UPDATE: Pippa Mann, Conor Daly turn their first laps of the month at IMS

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Pippa Mann and Conor Daly took to the Indianapolis Motor Speedway Monday morning for their veteran refresher and Rookie Orientation Program laps, respectively.

For Mann, it marked her first time in the Dallara DW12 chassis, with the No. 63 Cyclops Gear Dale Coyne Racing entry making its first laps of the month. Mann made her debut in the Indianapolis 500 in 2011 and has worked tirelessly over the last year to find the funding for a return.

“Completed our shake down and #VetRefresher program! So good to be back in an #Indycar @IMS!!! #THANKYOU @DaleCoyneRacing @CyclopsGear!!!” Mann tweeted shortly thereafter.

Daly (pictured, with teammate Takuma Sato, photo via IndyCar) made his first oval laps in the Dallara after his last IndyCar test came in December at Sebring International Raceway. Daly flew back to Indianapolis from Barcelona, via London and Chicago O’Hare, with everything but a HANS Device in tow.

The Heritage Christian School graduate passed two of the first three phases of his ROP in the morning. He will qualify the No. 41 ABC Supply entry for A.J. Foyt Racing. He finished on the podium in GP3 this weekend.

“Wow what an experience. Will never forget this morning. Time to get to the real work! Thank you @AJFoytRacing #mamaimgoinfast,” Daly tweeted Monday.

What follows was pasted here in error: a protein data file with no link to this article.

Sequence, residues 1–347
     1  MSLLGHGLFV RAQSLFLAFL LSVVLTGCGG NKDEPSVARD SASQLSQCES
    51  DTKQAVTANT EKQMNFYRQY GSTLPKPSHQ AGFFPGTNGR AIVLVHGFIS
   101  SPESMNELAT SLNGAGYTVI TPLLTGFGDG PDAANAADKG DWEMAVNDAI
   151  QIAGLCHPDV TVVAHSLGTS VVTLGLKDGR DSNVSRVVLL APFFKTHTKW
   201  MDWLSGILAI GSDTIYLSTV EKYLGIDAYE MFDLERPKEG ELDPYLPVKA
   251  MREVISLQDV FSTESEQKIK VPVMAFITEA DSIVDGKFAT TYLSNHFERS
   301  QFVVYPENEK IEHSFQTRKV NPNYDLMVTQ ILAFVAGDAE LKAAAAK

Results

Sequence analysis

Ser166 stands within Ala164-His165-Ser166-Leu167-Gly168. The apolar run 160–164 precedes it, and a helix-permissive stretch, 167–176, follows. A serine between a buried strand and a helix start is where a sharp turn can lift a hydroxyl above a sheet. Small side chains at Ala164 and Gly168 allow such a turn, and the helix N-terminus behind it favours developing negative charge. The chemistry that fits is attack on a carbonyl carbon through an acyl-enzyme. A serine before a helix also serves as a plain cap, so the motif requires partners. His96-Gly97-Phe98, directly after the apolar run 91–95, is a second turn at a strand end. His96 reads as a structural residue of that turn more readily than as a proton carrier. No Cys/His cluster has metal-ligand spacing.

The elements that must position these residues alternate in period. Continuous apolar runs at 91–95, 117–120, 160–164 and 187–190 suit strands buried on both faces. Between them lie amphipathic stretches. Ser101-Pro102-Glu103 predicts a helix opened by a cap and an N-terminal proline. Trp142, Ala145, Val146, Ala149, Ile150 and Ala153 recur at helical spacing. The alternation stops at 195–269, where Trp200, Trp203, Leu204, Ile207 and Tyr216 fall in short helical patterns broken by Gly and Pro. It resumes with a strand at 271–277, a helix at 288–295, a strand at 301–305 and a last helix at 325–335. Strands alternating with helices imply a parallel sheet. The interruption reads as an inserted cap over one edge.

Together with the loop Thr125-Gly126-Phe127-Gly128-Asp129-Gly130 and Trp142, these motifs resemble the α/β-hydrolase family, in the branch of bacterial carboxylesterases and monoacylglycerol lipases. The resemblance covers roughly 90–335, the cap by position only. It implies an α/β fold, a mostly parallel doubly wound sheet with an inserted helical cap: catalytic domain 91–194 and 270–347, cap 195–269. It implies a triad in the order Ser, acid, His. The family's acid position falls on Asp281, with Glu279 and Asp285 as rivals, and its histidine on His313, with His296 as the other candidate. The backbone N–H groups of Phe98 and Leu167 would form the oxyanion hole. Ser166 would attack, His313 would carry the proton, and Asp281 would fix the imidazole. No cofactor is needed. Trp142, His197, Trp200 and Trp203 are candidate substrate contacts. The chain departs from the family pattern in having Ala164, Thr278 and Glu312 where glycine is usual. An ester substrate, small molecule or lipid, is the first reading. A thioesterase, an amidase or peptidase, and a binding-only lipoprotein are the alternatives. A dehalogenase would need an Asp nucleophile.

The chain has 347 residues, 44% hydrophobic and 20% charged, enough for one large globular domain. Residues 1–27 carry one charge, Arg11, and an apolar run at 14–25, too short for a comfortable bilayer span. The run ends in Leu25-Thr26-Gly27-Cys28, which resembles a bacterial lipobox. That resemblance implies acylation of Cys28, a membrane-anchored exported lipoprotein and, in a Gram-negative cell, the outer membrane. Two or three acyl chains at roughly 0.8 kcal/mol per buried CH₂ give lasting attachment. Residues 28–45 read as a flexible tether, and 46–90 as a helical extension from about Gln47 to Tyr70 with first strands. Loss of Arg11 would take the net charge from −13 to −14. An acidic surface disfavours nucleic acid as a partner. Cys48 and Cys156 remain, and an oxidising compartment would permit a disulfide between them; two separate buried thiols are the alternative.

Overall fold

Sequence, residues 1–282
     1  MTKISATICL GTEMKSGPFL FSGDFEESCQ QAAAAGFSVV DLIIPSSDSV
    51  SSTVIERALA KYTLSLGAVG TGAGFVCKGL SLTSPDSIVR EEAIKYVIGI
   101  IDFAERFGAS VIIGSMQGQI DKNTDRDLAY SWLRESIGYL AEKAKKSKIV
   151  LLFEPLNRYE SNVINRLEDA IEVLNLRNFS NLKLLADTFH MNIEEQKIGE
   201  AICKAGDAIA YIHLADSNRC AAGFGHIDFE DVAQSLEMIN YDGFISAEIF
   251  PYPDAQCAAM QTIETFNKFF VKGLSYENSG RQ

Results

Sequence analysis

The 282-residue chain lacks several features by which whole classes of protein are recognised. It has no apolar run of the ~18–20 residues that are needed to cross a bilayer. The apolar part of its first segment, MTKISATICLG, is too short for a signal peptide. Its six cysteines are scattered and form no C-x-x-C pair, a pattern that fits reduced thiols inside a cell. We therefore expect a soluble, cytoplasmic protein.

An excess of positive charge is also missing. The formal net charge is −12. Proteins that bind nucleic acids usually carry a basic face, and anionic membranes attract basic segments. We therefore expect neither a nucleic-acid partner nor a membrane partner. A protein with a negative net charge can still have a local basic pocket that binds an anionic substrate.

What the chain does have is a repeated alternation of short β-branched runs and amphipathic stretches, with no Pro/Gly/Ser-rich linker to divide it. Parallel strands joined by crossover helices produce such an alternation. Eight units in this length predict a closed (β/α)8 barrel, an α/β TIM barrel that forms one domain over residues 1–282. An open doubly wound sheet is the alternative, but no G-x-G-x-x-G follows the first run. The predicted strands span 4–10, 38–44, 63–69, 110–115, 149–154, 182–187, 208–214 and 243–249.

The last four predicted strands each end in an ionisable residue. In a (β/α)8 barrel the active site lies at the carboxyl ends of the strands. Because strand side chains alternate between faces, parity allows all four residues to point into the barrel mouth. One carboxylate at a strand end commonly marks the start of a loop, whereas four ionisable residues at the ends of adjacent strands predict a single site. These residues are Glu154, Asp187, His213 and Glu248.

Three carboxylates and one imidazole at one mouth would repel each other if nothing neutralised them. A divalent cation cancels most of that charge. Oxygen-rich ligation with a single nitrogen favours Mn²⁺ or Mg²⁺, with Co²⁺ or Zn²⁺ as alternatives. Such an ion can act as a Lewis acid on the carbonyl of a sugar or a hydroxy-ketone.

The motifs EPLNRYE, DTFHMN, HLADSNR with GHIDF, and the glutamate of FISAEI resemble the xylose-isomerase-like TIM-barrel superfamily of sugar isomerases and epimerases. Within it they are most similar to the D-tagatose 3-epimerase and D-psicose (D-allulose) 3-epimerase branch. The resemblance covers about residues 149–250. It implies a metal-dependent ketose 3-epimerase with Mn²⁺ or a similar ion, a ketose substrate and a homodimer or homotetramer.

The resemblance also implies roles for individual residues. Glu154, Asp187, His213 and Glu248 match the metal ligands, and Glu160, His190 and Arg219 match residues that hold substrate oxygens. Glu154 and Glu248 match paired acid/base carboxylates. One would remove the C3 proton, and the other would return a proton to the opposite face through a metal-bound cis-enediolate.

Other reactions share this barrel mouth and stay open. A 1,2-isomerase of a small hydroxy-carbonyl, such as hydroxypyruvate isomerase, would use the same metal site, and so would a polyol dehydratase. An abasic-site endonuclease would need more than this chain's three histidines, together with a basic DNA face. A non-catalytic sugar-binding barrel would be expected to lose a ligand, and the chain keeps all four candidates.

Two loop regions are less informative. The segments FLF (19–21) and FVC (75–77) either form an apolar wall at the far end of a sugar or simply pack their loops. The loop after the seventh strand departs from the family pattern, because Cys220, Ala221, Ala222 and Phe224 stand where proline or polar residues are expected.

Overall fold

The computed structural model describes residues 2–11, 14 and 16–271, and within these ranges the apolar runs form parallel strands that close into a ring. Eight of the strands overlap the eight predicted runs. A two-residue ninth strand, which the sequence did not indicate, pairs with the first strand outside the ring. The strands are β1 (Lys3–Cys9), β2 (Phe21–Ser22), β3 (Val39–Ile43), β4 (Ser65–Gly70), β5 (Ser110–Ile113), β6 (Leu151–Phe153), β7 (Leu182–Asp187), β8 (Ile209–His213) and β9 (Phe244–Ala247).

UPDATE: 5:45 P.M. ET: Daly completed his third and final phase of ROP, the fourth driver to do so after AJ Allmendinger, Carlos Munoz and Tristan Vautier.

Brown: Dennis would have made same decision on McLaren-Honda split

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Zak Brown believes former McLaren team boss Ron Dennis would have made the same decision to cut ties with struggling Formula 1 engine partner Honda had he still been in charge at the team in 2017.

McLaren executive director Brown helped engineer a deal for the team to split with Honda at the end of the 2017 season after three tough seasons that had seen the Japanese manufacturer offer little in the way of performance or reliability.

The decision split opinion, with McLaren spurning a significant annual financial injection from Honda in order to link up with Renault, believing its on-track fortunes had to be prioritized over its commercial interests.

In an interview with Sky Sports, Brown was asked if he believed Dennis – McLaren’s long-running team chief before stepping down at the end of 2016 – would have made the same decision to cut ties with Honda.

“I think he would have,” Brown said.

“He was here when those conversations were ongoing and I think Ron always has and always will have the best interests of McLaren in his heart.

“He is Mr. McLaren. It burns him inside as much as us not to see us winning races.”

Brown also elaborated on the decision to break off the much-lauded relationship with Honda, saying the first signs of trouble with the 2017 power unit were clear in pre-season.

After a number of attempts to try and rectify the situation, Brown and his fellow team bosses felt there was no alternative but to end the Honda deal for 2018.

“We knew we were in trouble in testing in Barcelona and we worked really hard for six months to try and find solutions that would give us confidence that we’d be much more competitive in 2018,” Brown said.

“Ultimately, after trying many different things and many different ways we felt we couldn’t get there.

“Three years is a long time in Formula 1 and so we needed to change the direction to get our team back at the top.”